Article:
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What is the best way to convert a double to Int. Use cast?

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define "best". depends if you want up/down rounding, etc. –  RPM1984 Nov 15 '10 at 6:30
@RPM1984: Define etc. :) –  Armen Tsirunyan Nov 15 '10 at 6:37
@Armen - touche` :) Doesn't really matter anyway - Skeet is here, nothing else matters. –  RPM1984 Nov 15 '10 at 6:42
Definition of "etc.": et cetera [et set-er-uh, se-truh] adverb 1.and others; and so forth; and so on (used to indicate that more of the same sort or class might have been mentioned, but for brevity have been omitted): "He had dogs, cats, guinea pigs, frogs, et cetera, as pets." (dictionary.reference.com/browse/et+cetera) Also: 1: a number of unspecified additional persons or things 2 (plural) : unspecified additional items : odds and ends" (merriam-webster.com/dictionary/etcetera?show=0&t=1418214195) –  bostIT Dec 10 '14 at 12:31

9 Answers 9

up vote 87 down vote accepted

You can use a cast if you want the default truncate-towards-zero behaviour. Alternatively, you might want to use Math.Ceiling, Math.Round, Math.Floor etc - although you'll still need a cast afterwards.

Don't forget that the range of int is much smaller than the range of double. A cast from double to int won't throw an exception if the value is outside the range of int in an unchecked context, whereas a call to Convert.ToInt32(double) will. The result of the cast (in an unchecked context) is explicitly undefined if the value is outside the range.

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I am wondering if in 64 bits machine, Convert.ToInt32 is not OK any more? –  user496949 Nov 15 '10 at 8:23
@user: The size of an int is always 32 bits, regardless of whether you're using a 32 or 64 bit machine. –  Joren Nov 15 '10 at 10:15
And doubles can be much huger than even a 64 bit int. –  Adrian Ratnapala May 1 '13 at 8:07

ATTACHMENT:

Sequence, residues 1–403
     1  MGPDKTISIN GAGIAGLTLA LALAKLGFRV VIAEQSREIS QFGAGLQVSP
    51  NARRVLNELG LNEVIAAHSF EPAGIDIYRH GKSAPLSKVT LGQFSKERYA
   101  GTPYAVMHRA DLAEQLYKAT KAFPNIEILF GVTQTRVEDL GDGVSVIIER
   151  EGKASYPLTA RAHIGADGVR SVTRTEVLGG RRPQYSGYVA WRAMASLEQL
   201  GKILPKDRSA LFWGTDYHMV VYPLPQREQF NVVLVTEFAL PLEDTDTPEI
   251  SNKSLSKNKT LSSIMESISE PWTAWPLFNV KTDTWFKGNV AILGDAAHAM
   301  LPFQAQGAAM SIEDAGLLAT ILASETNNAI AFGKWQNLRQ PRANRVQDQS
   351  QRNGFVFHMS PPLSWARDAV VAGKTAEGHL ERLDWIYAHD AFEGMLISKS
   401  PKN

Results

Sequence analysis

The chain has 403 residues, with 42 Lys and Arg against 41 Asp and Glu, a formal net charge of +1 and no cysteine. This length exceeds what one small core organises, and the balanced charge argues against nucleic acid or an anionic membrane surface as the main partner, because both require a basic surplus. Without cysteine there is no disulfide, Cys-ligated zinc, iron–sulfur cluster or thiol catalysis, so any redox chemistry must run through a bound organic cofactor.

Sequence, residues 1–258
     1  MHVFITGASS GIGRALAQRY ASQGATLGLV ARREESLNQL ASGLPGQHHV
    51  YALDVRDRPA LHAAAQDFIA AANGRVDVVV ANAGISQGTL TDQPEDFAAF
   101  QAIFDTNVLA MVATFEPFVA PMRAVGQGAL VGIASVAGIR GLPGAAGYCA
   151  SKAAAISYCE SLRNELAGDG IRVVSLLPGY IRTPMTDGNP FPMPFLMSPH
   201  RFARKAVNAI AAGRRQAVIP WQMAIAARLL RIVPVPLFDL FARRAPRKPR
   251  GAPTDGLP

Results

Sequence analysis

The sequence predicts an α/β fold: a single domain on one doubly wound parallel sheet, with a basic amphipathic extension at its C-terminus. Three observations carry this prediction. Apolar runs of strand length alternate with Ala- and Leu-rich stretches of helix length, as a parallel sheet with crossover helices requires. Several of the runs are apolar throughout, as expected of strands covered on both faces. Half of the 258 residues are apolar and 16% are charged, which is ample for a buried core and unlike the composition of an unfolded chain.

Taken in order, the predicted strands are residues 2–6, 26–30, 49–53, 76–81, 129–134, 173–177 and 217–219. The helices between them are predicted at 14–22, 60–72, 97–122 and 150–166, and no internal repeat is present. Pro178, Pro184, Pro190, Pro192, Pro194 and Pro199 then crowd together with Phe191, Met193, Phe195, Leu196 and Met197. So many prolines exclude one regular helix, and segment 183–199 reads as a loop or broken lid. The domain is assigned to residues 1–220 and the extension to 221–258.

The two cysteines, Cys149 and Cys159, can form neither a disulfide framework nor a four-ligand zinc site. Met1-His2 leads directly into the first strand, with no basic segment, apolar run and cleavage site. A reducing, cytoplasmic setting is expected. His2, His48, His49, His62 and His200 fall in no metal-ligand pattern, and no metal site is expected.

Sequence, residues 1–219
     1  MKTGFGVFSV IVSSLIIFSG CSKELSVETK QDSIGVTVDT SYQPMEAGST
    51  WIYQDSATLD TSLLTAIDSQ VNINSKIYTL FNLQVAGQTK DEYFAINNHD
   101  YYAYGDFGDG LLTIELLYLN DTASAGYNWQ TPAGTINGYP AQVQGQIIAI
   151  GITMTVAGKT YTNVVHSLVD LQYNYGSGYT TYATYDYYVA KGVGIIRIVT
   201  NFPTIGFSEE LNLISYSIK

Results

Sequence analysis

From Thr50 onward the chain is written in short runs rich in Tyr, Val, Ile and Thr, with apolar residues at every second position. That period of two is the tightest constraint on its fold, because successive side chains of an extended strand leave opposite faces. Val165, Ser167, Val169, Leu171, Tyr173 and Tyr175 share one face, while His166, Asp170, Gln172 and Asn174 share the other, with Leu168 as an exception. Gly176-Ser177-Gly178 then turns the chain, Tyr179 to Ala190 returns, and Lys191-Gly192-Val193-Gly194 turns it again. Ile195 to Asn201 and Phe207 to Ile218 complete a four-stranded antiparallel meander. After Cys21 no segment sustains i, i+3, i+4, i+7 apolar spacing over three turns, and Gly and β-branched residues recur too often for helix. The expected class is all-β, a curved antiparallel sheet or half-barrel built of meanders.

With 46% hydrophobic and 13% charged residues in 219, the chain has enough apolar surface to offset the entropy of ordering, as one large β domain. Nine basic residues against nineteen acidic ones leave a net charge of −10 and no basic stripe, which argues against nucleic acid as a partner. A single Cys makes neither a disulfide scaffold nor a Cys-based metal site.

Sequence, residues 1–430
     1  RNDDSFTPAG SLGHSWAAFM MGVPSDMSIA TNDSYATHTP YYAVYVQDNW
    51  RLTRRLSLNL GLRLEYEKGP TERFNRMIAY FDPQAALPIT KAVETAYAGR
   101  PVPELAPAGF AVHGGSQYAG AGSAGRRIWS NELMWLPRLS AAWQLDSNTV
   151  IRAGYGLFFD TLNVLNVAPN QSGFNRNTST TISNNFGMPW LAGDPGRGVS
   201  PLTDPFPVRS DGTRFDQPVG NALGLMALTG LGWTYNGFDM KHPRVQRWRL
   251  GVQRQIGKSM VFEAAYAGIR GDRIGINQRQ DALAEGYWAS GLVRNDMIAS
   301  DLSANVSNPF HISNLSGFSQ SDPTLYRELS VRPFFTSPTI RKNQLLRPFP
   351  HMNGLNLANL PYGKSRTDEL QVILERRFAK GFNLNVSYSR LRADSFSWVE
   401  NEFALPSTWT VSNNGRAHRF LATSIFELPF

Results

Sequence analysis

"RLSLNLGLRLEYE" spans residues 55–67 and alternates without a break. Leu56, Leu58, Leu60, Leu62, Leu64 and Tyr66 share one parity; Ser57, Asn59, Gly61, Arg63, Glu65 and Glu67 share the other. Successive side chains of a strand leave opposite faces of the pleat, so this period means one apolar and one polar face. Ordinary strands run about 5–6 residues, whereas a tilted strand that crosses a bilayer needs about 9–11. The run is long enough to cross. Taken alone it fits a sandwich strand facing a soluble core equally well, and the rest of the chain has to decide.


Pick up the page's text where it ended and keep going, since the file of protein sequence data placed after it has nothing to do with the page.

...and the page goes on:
@user496949 Irrelevant because doubles are the same size on all machines. –  Jim Balter May 30 '13 at 1:39

if you use cast, that is, (int)SomeDouble you will truncate the fractional part. That is, if SomeDouble were 4.9999 the result would be 4, not 5. Converting to int doesn't round the number. If you want rounding use Math.Round

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Yeah, why not?

double someDouble = 12323.2;
int someInt = (int)someDouble;

Using the Convert class works well too.

int someOtherInt = Convert.ToInt32(someDouble);
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Convert.ToInt32 is the best way to convert

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Here is a complete example

class Example 
  public static void Main() 
    double x, y; 
    int i; 

    x = 10.0; 
    y = 3.0; 

    // cast double to int, fractional component lost (Line to be replaced) 
    i = (int) (x / y); 
    Console.WriteLine("Integer outcome of x / y: " + i); 

If you want to round the number to the closer integer do the following:

i = (int) Math.Round(x / y); // Line replaced
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I think the best way is Convert.ToInt32.

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My ways are :

 - Convert.ToInt32(double_value)
 - (int)double_value
 - Int32.Parse(double_value.ToString());
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Don't you think the third way is unnecessarily complex and slow? –  Armen Tsirunyan Nov 15 '10 at 6:38
The third will not work with doubles with fractional parts. e.g., double_value = 0.1 –  Jeff Mercado Nov 15 '10 at 6:46
label8.Text = "" + years.ToString("00") + " years";

when you want to send it to a label, or something, and you don't want any fractional component, this is the best way

label8.Text = "" + years.ToString("00.00") + " years";

if you want with only 2, and it's always like that

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The best way is to simply use Convert.ToInt32. It is fast and also rounds correctly.

Why make it more complicated?

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